This month on the 15th, having brokered the new Irish Republican Army (IRA) cease-fire on July 20, the Sinn Fein party enters re-opened Irish peace talks. Although dissent exists about both the cease-fire's wisdom and the talks' chances, Sinn Fein's getting in is itself regarded as a triumph. Sinn Fein participation also boosts prison issues enormously. The party's chief negotiator, Martin McGuinness, served prison time, as did several on Sinn Fein's team at the talks. It was inside Long Kesh prison that Gerry Adams, under the name "Brownie," began arguing for a political solution years ago in columns smuggled out for publication. They take with them into the talks the trust of Patrick Smith and others who believe the British will never change voluntarily.

There are over 400 Irish republican prisoners in the North of Ireland, the 26 Counties of the South, in England, and even several in the US. Two hundred are serving life sentences. Some have 35-40 year sentences. Almost 100 await trial "on remand." In the US, besides several serving time, the "deportees" and recently jailed "H-block 3" fighting extradition claim political refugee status.

Critical for the peace talks, republicans declare any settlement must release the prisoners. Signals defining the POWs as full participants in the peace process have abounded. Ten days into the cease-fire, Sinn Fein began a series of well-publicized visits to consult with imprisoned republicans throughout Irealnd and England. Adams hosted a major Associated Press interview at a POW family drop-in center. Well-known ex-POW Martin Ferris accompanied Adams to meet with Britain's Northern Ireland Secretary Mo Mowlam. Prisoner support campaigns have relaunched. NORAID's national US newsweekly, the Irish People, recently proposed massive foundation funding for prisoners re-entering communities.

Such embrace has its price in the largely pro-British US press. Several major US newspapers have resumed identifying Irish republicans one-dimensionally as "IRA-supporters." When Gerry Adams, Martin McGuinness and Caomhghin OCaolain (kwe-veen o-cay-lawn) visit the US September 2-7, they represent the third largest political party in the North of Ireland and the only "all-Ireland" party. When meeting Congressional leaders in Washington, Adams and McGuinness are themselves recently elected MPs, Members of Parliament. OCaolain is a TD, member of the Dail (the national legislature of the South). Then they will separately travel to rallies in New York City, Chicago and San Francisco. During his 24-hour visit to San Francisco, McGuinness will visit the "H-block 3" in jail.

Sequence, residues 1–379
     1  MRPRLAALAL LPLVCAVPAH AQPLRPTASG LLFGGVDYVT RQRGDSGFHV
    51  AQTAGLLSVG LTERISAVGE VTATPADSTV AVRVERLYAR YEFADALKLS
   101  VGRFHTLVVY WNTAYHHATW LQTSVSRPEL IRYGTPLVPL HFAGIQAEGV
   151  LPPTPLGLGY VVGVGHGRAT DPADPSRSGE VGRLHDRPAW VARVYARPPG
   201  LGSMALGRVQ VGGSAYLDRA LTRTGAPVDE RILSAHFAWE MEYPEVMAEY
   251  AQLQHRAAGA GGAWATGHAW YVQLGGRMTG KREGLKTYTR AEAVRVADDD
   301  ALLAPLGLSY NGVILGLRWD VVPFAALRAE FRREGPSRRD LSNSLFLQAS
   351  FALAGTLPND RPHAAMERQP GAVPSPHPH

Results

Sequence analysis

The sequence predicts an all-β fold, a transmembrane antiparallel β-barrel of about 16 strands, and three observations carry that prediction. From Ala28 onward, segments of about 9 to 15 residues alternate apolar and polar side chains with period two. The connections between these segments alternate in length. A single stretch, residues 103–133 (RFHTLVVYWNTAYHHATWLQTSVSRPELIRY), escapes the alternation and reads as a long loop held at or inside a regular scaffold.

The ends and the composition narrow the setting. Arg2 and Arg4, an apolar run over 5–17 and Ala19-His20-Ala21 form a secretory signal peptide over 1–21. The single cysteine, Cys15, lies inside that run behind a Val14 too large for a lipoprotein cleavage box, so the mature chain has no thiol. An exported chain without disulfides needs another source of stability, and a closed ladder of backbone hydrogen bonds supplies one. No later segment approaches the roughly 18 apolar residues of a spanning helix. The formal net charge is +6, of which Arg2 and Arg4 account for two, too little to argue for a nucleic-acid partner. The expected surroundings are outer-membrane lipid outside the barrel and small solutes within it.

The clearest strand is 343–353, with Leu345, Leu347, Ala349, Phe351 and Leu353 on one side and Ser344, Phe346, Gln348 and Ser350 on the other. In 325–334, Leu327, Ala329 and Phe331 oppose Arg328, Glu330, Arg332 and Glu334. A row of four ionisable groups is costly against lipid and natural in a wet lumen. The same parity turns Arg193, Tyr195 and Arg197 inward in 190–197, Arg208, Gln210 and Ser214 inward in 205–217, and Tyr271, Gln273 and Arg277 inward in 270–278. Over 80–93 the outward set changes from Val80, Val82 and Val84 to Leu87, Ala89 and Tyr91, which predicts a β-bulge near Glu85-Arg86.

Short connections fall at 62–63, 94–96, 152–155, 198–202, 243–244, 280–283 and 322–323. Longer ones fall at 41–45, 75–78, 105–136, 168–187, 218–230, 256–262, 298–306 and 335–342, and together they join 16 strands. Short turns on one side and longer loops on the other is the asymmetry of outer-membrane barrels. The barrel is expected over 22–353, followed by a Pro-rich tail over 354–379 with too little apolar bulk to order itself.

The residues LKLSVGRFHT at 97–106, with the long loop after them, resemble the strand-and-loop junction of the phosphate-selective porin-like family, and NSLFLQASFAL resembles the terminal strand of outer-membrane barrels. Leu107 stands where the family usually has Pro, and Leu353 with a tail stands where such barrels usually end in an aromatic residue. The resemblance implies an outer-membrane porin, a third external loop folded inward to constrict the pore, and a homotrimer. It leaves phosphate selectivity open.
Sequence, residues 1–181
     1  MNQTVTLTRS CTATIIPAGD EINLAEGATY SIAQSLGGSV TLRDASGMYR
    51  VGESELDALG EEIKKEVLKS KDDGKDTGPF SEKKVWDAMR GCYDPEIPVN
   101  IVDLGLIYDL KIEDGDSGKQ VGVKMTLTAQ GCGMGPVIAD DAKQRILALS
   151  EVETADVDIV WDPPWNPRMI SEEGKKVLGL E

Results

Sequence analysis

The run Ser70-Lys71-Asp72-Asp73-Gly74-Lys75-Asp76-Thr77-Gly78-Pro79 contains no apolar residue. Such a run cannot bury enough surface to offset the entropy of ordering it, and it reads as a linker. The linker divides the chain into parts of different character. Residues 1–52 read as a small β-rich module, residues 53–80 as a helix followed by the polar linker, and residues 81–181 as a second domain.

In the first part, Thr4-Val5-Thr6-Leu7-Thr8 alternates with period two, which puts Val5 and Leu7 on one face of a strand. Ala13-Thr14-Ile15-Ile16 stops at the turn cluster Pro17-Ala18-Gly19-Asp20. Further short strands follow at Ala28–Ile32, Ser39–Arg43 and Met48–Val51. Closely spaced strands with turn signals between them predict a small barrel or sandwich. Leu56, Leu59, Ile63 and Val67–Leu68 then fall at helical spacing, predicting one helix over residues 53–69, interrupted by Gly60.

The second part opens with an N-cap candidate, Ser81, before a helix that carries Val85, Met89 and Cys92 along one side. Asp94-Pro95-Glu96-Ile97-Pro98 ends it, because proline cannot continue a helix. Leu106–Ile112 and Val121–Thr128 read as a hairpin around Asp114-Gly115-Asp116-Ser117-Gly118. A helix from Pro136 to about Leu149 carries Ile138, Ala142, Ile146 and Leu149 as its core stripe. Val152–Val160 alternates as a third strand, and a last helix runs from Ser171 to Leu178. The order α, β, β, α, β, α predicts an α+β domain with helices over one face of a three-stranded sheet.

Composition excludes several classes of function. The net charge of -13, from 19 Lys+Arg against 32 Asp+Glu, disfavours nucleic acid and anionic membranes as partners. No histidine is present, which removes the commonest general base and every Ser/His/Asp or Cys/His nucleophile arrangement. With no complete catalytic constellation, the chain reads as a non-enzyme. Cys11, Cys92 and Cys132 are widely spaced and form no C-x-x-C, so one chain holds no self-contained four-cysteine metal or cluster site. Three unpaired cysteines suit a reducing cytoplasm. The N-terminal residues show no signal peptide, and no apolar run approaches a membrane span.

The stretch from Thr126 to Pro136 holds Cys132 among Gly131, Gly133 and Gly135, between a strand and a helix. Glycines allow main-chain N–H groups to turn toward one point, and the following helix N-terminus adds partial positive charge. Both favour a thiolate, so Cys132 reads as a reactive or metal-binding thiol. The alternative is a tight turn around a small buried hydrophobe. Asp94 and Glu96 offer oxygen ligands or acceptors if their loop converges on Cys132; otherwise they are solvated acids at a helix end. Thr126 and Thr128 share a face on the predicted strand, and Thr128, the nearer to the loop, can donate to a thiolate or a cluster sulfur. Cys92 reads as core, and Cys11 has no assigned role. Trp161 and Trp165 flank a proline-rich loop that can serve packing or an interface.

Many Irish Americans were recently buoyed by the national day of action on July 12 protesting forced sectarian marches (see PNL 8/97). Syracuse's Red Branch rally at the federal building, hastily organized in three days, was joined by NORAId and Ancient Order of Hibernians. The rally drew close to 100 people, holding its own with rallies in larger US cities that day, and made the front page of the Irish People. Smith hopes this and Sinn Fein's US tour prior to the peace talks lead to revitalized organizing work here and elsewhere.

1985 a Watershed Year Fear of controversy has characterized much Irish immigrant striving for respectability. In 1985, NORAId was in 16 countries and there were 125 units in the US. There were 1400 Irish republican prisoners.

"You have to remember there was heavy IRA military action that year," Patrick Smith says. "They were firing rockets at Parliament, trying to get the British to see they couldn't win this thing, that they would have to sit dwon with the Irish. But it meant NORAID was feeding 7,000 people a week. The families refused to go on the dole, to beg money from the Brits. At that point, 2300 Irish people had been killed. Per capita, that is eight times the number of Americans killed in Viet Nam."